While exploring for oil, energy companies make extensive use of seismic imaging to locate and evaluate potential resources. CyrusOne has provided the high-density colocation space for leading players in this field, including Petroleum Geo-Services and Repsol YPF, who require power loads of 750 watts per square foot and beyond.
IDC projects that worldwide spending for high-performance computing servers for geoscience applications will grow at a rate of 7.8 percent a year through 2015. In its SEC filing, CyrusOne said the growth in seismic data volumes and processing capacity is expected to increase with newer exploration techniques, including shale and deepwater offshore exploration. It said that the need to guard against oil spills also may drive growth opportunities.
“Once drilling has been completed and wells are put into production, wells are automated in order to maximize production and manage environmental, health and safety risks. This means deploying large numbers of sensors and the use of advanced analytics, which will require high-performance computing capacity and data storage.”
Assorted Notes from the SEC Filing
Here are some additional data points from the CyrusOne IPO filing:
- As of March 31, CyrusOne’s property portfolio included 21 operating data centers in eight markets (Austin, Chicago, Cincinnati, Dallas, Houston, London, Singapore and South Bend) with a total footprint of 1.48 million rentable square feet of space and 105 megawatts of utility power. The company has 395,000 square feet of space under development at four data centers in Dallas, Houston, Phoenix and San Antonio; and another 701,000 square feet of additional powered shell available for development, as well as 140 acres of land.
- On the timing of the IPO, Cincinnati Bell President, CEO Jack Cassidy said the process of applying for REIT status may take six months or more to complete. “Based on the expected timing of the reviews, the S-11, and the PLR we continue to expect that we will be ready to IPO CyrusOne no earlier than the fourth quarter of 2012.”
- The IPO revenues will be focused on Cincinnati Bell’s bottom line. “We have consistently said that we think the way to drive shareholder value back into the telco is to reduce the debt level appropriate to the sector that we live in,” said Cassidy. “So, the answer would be in the immediate term we would use proceeds to be able to pay down debt.”
- In addition to growing revenue by building its interconnection business, Wojtaszek also sees opportunities in international expansion, including Brazil. “That is a market that we are exploring,” said Wojtaszek. “That is a really large energy base there, and that is the reason that we are in discussions about looking to go there, because of demand that we are seeing from our customers.”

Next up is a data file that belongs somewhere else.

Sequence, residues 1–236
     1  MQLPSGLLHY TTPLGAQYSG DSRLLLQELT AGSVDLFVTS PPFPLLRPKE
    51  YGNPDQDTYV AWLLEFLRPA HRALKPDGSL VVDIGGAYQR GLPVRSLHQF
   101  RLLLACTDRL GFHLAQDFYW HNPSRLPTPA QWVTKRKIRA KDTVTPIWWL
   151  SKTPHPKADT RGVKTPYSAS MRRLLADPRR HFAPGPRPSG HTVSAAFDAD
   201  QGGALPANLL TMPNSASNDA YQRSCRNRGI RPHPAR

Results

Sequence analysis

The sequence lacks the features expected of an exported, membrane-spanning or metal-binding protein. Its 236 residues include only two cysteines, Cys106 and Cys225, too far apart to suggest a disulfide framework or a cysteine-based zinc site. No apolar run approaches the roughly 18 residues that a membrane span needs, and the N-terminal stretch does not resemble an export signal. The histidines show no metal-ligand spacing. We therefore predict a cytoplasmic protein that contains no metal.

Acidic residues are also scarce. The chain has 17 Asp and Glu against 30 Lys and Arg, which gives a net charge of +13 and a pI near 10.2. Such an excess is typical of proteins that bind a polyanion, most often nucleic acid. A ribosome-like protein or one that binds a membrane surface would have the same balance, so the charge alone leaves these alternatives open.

- Capital expenditures were $117.5 million in 2011, an increase of $88.2 million, or 301 percent, compared to $29.3 million of capital expenditures in 2010. In 2011 CyrusOne purchased land in Phoenix for $14.8 million and a building in San Antonio for $7.8 million. It also spent $91.2 million expanding data centers in Houston, Dallas and Austin, as well as one of its facilities in the Cincinnati area.
- In conjunction with the IPO, CyrusOne intends to purchase a property located at 229 West Seventh Street in Cincinnati, where it leases space used in their network operations. But CyrusOne will not own 14 buildings in its portfolio that account for approximately 600,000 square feet (approximately 40 percent of its total square footage). The weighted average remaining term for its leases and subleases is approximately nine years, or approximately 20 years after contractual renewal rights.
- Among the many disclaimers of potential investor risk, CyrusOne’s S11 filing includes a note that its future results may be adversely affected by regulations related to climate change. “The costs of electric power comprise a significant component of our operating expenses. Changes in regulations that affect electric power providers, such as regulations related to the control of greenhouse gas emissions or other climate change related matters, could adversely affect the costs of electric power and increase our operating costs.”